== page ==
So in my initial review of the Crossley ID Guide, I mentioned that the text for each species account seems shorter than found in most field guides. But the more I read, the more I wondered. There seemed to be a lot more there than I had originally thought. So I had to break out some other guides and do a comparison. As I suspected, there was a lot more in the Crossley ID Guide than I had originally given it credit for. Here's a comparison word count for each species account in Crossley ID and several recent field guides, including the new Stokes guide, the original Big Sibley, Kaufman's guide, the Smithsonian guide, NWF guide, and 5th edition National Geographic Society guide.
As this comparison should make it clear, the Crossley ID guide holds its own against the other guides, with only the Stokes guide coming in with a consistently higher word count per species, and Kaufman coming in almost always below Crossley ID in word count.
Here are the rankings by total word count for these hopefully representative species accounts:
Big Sibley 1591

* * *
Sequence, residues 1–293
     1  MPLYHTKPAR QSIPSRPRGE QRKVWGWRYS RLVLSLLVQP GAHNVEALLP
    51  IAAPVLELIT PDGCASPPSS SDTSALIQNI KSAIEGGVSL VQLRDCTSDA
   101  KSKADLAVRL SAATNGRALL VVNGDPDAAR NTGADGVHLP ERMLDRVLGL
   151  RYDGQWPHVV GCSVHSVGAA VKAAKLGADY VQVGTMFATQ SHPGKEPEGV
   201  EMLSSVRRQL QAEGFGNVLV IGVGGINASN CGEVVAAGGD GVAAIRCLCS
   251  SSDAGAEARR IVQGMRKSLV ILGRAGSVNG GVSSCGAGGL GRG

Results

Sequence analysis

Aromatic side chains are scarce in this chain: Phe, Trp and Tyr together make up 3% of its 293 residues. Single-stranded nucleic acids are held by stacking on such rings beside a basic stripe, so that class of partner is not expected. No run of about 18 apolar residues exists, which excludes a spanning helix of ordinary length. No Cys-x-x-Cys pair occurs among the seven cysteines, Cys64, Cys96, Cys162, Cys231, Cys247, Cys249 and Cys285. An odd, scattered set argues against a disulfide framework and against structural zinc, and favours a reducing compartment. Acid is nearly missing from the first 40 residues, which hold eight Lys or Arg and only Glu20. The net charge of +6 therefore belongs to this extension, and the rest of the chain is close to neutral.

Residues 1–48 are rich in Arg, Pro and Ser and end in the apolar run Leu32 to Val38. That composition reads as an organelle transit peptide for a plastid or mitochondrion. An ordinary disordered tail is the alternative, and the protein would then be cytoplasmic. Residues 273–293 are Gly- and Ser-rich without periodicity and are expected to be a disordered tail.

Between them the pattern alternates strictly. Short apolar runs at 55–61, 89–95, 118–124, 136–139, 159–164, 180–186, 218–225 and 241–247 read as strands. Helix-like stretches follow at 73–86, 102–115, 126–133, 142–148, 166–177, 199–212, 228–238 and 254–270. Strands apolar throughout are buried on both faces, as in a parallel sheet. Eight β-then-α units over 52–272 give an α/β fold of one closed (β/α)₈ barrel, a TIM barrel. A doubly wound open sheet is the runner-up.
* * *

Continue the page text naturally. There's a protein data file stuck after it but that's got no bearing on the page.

Nat Geo 1141
Crossley ID 1014
So while Crossley ID does come in below most of the other guides, the text isn't that much shorter. And since Crossley ID spends almost no words on descriptions of vocalizations, the amount of words spent describing the behavior and plumage of each birds is very similar to that found in most of the other guides. Note that though this count is skewed by the Red-tailed Hawk account, which is probably the longest in the Stokes guide, even without it the rankings remain about the same.
One finding of this quick comparison that shocked me was how much text is actually in Big Sibley--which I've also thought in the past was a bit spare on text. Turns out it has more text per species than almost all the other guides. Of course, the new Stokes guide is the most wordy. And I have to say, actually counting the words in the Kaufman guide made me like that guide even more--nothing like a spare, beautifully executed format and design to warm the heart--at least the part of my heart that I inherited from several Danish ancestral lines :-)